Soldan International Studies High School is a public magnet high school in the Academy neighborhood of St. Louis, Missouri that is part of the St. Louis Public Schools. From its opening in 1909, Soldan was known for its wealthy and predominantly Jewish student population. Starting in the 1950s, the student population underwent a rapid change in demographics; by the mid-1960s, it was predominantly African American. In the early 1990s, the school was renovated and reopened as a magnet school with a focus on international relations.
Chain of Rocks is a village in Lincoln County, Missouri, United States. The population was 93 at the 2010 census.
James Milton Campbell Jr., better known as Little Milton, was an American blues singer and guitarist, best known for his hit records "Grits Ain't Groceries," "Walking the Back Streets and Crying," and "We're Gonna Make It."
Bass originally only played piano with the band, but one night Milton didn't show up on time so Sain asked her to sing and she was soon given her own featured vocal spot in the show. Milton and Sain eventually split up and Bass went with Sain; he also recruited male singer Bobby McClure and the group became known as "The Oliver Sain Soul Revue featuring Fontella and Bobby McClure".
Bobby McClure was an American soul singer.
With the support of Bob Lyons, the manager of St. Louis station KATZ, Bass recorded several songs released through Bobbin Records and produced by Ike Turner. She saw no notable success outside her home town. It was also during this period she met and subsequently married the noted jazz trumpeter Lester Bowie.
KATZ is an Urban Gospel radio station serving the area of St. Louis, Missouri, United States. The iHeartMedia, Inc. outlet broadcasts with power level of 6 kW day/3.5 kW night. Its transmitter is located in East St. Louis, Illinois, and operates from studios in St. Louis south of Forest Park.
Izear Luster "Ike" Turner, Jr. was an American musician, bandleader, songwriter, arranger, talent scout, and record producer. An early pioneer of fifties rock and roll, he is most popularly known for his work in the 1960s and 1970s with his then-wife Tina Turner in the Ike & Tina Turner Revue.
Lester Bowie was an American jazz trumpet player and composer. He was a member of the Association for the Advancement of Creative Musicians and co-founded the Art Ensemble of Chicago.
Two years later she quit the Milton band and moved to Chicago after a dispute with Oliver Sain. She auditioned for Chess Records, who immediately signed her as a recording artist. Her first works with the label were several duets with Bobby McClure, who had also been signed to the label. Released early in 1965, their recording "Don't Mess Up a Good Thing" (credited to Oliver Sain) found immediate success, reaching the top five at R&B radio and peaking at #33 at pop. In 1979 the song was covered by Ry Cooder with Chaka Khan on Cooder's album Bop 'Til You Drop .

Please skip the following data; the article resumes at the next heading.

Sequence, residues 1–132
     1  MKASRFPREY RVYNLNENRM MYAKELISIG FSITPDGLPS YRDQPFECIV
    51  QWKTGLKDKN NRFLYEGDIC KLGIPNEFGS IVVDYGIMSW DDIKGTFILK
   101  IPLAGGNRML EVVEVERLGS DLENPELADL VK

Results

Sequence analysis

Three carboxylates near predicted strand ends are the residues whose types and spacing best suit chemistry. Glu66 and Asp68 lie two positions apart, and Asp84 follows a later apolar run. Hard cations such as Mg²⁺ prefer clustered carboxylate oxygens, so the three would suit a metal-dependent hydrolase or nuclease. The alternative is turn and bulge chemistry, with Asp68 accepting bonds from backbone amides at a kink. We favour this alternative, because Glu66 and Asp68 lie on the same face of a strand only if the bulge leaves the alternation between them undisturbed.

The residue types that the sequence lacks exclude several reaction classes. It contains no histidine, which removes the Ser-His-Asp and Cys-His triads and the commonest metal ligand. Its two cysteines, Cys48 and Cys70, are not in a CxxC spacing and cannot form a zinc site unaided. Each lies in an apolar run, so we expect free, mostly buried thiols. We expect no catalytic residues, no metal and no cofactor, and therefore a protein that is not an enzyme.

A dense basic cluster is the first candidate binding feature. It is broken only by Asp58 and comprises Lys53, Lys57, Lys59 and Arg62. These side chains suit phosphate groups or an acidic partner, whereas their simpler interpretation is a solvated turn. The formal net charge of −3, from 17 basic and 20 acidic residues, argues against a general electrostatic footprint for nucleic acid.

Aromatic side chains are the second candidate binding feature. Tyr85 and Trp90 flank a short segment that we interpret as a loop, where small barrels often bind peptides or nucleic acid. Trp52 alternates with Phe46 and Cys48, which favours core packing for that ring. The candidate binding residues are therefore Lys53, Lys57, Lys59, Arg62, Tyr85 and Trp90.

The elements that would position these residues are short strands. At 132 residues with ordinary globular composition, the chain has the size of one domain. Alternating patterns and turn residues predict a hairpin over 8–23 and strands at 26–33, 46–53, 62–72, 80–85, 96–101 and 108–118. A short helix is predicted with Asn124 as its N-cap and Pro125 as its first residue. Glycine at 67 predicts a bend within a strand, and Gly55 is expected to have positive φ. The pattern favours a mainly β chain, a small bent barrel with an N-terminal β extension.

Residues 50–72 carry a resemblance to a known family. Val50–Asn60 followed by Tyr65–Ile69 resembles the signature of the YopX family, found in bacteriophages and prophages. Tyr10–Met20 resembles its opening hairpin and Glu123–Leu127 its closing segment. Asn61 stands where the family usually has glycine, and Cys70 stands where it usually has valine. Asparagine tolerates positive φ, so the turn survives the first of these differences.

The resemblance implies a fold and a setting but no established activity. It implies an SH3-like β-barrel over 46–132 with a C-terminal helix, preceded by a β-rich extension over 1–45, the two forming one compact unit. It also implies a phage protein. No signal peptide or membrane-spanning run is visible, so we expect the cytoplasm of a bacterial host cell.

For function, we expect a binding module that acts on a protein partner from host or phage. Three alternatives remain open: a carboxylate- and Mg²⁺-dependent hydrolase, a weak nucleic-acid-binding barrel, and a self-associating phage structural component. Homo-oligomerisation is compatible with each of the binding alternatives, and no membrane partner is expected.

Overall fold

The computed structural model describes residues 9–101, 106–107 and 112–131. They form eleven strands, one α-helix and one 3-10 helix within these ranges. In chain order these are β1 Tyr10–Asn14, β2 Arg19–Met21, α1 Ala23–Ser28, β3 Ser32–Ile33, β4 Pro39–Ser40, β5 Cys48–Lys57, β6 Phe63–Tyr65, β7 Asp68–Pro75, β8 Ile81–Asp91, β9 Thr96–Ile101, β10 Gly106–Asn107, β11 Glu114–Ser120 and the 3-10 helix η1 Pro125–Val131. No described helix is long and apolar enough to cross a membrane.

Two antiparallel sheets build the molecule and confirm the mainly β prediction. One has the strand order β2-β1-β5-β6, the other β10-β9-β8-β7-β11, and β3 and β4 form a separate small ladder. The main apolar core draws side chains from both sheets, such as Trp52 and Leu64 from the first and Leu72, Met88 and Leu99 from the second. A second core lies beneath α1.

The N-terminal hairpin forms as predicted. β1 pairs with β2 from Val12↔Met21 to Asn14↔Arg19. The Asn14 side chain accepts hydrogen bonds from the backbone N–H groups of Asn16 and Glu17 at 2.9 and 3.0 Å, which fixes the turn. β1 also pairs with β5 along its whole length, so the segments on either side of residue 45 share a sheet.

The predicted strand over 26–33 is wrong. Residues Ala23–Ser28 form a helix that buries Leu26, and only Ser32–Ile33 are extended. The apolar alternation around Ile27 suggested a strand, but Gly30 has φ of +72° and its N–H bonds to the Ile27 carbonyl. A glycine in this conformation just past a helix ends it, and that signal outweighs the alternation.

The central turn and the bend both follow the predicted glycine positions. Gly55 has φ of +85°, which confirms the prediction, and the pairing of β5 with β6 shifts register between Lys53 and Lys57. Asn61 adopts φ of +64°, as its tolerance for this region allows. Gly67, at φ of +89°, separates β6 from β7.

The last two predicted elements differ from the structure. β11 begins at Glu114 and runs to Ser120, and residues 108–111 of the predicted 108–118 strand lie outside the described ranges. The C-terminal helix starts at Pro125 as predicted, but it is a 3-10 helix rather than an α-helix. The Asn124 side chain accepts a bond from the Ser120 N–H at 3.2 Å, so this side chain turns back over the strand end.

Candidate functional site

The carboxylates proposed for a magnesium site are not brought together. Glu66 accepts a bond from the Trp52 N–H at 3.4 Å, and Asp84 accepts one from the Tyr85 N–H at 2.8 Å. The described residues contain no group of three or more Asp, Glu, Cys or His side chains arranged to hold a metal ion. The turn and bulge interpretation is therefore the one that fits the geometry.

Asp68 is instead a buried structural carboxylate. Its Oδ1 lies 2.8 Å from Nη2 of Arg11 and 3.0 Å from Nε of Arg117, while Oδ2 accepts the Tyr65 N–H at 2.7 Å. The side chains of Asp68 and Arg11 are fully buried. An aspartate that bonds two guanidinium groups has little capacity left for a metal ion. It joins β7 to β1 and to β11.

Chicago, officially the City of Chicago, is the most populous city in Illinois, as well as the third most populous city in the United States. With an estimated population of 2,716,450 (2017), it is the most populous city in the Midwest. Chicago is the principal city of the Chicago metropolitan area, often referred to as "Chicagoland", and the county seat of Cook County, the second most populous county in the United States. The metropolitan area, at nearly 10 million people, is the third-largest in the United States, and the fourth largest in North America and the third largest metropolitan area in the world by land area.
Chess Records was an American record company, founded in 1950 in Chicago and specializing in blues and rhythm and blues. Over time it expanded into soul music, gospel music, early rock and roll, and occasional jazz and comedy recordings, released on the Chess label and on its subsidiary labels Checker, Argo/Cadet and Cadet Concept. The entire Chess catalogue is currently owned by Universal Music Group and managed by Geffen Records.
Ryland Peter "Ry" Cooder is an American musician, songwriter, film score composer, and record producer. He is a multi-instrumentalist but is best known for his slide guitar work, his interest in roots music from the United States, and his collaborations with traditional musicians from many countries.
Bass and McClure followed their early success with "You'll Miss Me (When I'm Gone)" that summer, a song that had mild success, reaching the Top 30 on the R&B chart, although it made no significant impression on the pop chart. After a brief tour, Bass returned to the studio. The result was an original composition with an aggressive rhythm section; backing musicians on the track included drummer Maurice White (later the leader of Earth, Wind, & Fire), bassist Louis Satterfield and tenor saxophonist Gene Barge, with the young Minnie Riperton among the background singers. The song, "Rescue Me", shot up the charts in the fall and winter of 1965. After a month-long run at the top of the R&B charts, the song reached #4 on the US pop charts and #11 in the UK, and gave Chess its first million-selling single since Chuck Berry a decade earlier. It sold over one million copies, and was awarded a gold disc.